h a l f b a k e r y
Invented by someone French.
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While cold-weather bed linens are readily
available, they all cover the top of the
body, not the area beneath. This mattress
pad would be like any other mattress pad,
except that it would incorporate the type
of aluminized mylar used in "emergency
blankets" or "space blankets," reflecting
body heat back onto the sleeper. It would
cost only slightly more than a conventional
mattress pad, yet allow for much lower
nighttime thermostat settings, saving
||When I saw the title, I imagined you riding down the street on your mattress on a bed frame with wheels and wanting better visibility by passing motorists.
But this one's a good idea, too.
||Here's what I think would happen: you'd sweat, a lot. You need to have some ventilation. Think about how uncomfortable it can be when sleeping on hotel pillows where they have a plastic or vinyl undercover. This would be worse, I *think*.
||Maybe one way of reflecting some warmth and still providing air space would be to put the reflective layer at some depth below the mattress surface or maybe the mattress side of the mattress pad so that there'd be some batting volume for circulation between the sleeper and the reflective material.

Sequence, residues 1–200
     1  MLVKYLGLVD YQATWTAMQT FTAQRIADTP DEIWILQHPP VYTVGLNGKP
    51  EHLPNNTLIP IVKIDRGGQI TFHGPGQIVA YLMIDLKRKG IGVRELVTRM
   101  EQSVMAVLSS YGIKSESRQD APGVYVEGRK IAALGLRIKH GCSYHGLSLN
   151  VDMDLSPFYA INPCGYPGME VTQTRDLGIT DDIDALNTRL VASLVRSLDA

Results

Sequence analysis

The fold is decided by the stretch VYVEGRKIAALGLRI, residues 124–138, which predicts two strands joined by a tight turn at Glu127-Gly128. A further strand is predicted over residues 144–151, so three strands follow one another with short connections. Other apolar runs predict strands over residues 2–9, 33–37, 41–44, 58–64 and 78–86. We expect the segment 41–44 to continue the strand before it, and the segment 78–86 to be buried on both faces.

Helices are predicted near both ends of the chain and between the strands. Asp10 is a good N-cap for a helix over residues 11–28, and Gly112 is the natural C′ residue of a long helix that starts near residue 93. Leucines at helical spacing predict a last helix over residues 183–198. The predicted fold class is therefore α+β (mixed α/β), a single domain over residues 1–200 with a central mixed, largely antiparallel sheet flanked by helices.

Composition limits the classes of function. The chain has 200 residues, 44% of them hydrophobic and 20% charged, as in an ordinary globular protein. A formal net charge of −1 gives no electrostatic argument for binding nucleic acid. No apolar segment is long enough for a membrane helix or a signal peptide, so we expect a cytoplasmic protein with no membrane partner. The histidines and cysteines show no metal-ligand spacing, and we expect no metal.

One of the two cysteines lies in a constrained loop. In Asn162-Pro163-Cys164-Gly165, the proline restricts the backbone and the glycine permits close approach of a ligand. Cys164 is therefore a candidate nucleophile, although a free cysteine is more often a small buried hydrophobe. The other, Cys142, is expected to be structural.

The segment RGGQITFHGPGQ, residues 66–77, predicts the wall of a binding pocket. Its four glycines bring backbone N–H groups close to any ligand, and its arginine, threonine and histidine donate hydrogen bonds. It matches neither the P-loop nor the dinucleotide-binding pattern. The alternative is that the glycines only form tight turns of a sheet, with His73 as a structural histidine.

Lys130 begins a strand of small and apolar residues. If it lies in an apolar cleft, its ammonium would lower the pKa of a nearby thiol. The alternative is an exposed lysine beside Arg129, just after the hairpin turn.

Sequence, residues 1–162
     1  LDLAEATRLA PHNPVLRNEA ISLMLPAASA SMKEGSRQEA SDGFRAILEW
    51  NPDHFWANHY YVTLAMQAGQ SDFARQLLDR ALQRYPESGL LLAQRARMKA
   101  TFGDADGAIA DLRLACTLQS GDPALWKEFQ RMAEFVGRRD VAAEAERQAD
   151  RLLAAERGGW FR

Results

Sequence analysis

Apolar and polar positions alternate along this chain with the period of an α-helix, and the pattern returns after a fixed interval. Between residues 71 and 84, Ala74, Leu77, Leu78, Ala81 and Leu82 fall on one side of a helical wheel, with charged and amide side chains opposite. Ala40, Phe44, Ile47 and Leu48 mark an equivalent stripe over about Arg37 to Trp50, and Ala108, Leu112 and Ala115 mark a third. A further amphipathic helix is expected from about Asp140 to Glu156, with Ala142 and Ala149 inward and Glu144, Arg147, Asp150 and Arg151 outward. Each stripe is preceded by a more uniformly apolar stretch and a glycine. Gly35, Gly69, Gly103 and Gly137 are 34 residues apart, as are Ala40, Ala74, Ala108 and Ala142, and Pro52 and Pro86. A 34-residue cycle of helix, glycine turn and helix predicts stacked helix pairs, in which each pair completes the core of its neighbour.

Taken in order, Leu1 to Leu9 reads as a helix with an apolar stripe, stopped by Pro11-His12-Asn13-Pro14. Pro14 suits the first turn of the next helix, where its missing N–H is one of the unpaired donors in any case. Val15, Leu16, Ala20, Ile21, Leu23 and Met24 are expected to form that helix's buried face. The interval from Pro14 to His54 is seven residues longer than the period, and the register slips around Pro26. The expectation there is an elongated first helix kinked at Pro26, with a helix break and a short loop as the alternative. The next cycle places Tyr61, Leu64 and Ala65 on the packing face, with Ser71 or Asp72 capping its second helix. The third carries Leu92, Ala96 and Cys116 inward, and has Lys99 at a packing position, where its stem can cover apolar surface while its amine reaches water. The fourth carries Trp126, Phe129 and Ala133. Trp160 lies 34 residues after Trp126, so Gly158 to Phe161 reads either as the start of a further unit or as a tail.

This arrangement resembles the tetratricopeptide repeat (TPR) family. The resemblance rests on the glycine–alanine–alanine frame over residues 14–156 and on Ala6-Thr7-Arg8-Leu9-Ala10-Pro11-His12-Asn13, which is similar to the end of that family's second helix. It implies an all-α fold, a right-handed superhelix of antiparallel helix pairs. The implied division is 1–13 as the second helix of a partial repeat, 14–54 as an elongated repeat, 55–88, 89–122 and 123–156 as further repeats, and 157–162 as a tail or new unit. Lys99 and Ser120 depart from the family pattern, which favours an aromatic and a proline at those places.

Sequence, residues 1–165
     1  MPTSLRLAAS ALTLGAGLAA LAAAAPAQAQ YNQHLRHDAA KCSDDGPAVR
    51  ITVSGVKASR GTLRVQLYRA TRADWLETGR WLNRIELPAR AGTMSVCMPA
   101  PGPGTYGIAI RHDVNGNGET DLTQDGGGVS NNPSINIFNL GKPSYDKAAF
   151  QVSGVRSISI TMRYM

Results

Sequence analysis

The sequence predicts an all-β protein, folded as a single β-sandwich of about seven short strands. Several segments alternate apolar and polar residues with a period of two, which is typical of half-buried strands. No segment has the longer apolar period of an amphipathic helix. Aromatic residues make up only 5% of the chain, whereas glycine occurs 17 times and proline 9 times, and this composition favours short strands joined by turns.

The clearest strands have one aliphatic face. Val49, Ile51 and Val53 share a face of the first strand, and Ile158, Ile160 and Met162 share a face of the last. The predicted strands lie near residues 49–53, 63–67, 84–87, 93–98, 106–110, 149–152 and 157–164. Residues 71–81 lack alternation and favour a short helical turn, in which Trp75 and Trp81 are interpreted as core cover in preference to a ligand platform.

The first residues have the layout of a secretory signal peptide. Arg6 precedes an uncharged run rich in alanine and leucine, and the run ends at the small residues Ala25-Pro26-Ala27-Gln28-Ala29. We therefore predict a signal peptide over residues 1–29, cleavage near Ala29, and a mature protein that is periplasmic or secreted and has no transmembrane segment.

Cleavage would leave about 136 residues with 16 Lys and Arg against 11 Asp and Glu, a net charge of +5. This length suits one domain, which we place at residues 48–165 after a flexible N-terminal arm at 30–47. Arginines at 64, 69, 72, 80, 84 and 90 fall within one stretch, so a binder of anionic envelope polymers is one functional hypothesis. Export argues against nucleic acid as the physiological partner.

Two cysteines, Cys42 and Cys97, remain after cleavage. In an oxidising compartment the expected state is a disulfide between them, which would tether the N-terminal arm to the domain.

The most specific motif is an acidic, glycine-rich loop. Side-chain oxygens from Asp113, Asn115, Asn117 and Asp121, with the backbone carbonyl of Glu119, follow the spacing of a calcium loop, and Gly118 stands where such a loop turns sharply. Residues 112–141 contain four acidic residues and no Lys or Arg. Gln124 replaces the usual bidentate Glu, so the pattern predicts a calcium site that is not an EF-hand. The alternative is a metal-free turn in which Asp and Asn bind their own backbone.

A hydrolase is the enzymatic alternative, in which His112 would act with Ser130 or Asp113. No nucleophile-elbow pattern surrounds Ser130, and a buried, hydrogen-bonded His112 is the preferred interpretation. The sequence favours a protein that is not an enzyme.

||How much heat do you lose into the mattress anyway? Hot air rises, so convection downwards doesn't happen. Mattresss are mostly air so conduction shouldn't be a problem. That only leaves radiation, which can't be that big a problem otherwise clothes wouldn't keep you warm unless they were foil lined, but they do. Mostly.
||A friend of mine actually told me about these just recently; they are called "Heat Sheets", and are available at Miles Kimball, an online 'catalogue' style store. I used one of those emergency blankets; the kind made by Coleman which is just a thin mylar sheet. It works, a little too well... it also sounds like you are sleeping on wrapping paper! I've looked for something similar locally for the past week, I got only blank stares and those "Slap your forehead/why didn't I think of that' reactions.
Perhaps a way to 'soften' the effect would be to perforate the sheet in the areas covered by the largest parts of the body; those are the places where heat gets trapped the most. At least with the cheap mylar sheets. Oh, and my friend tells me the Kimball versions don't make any noise! :D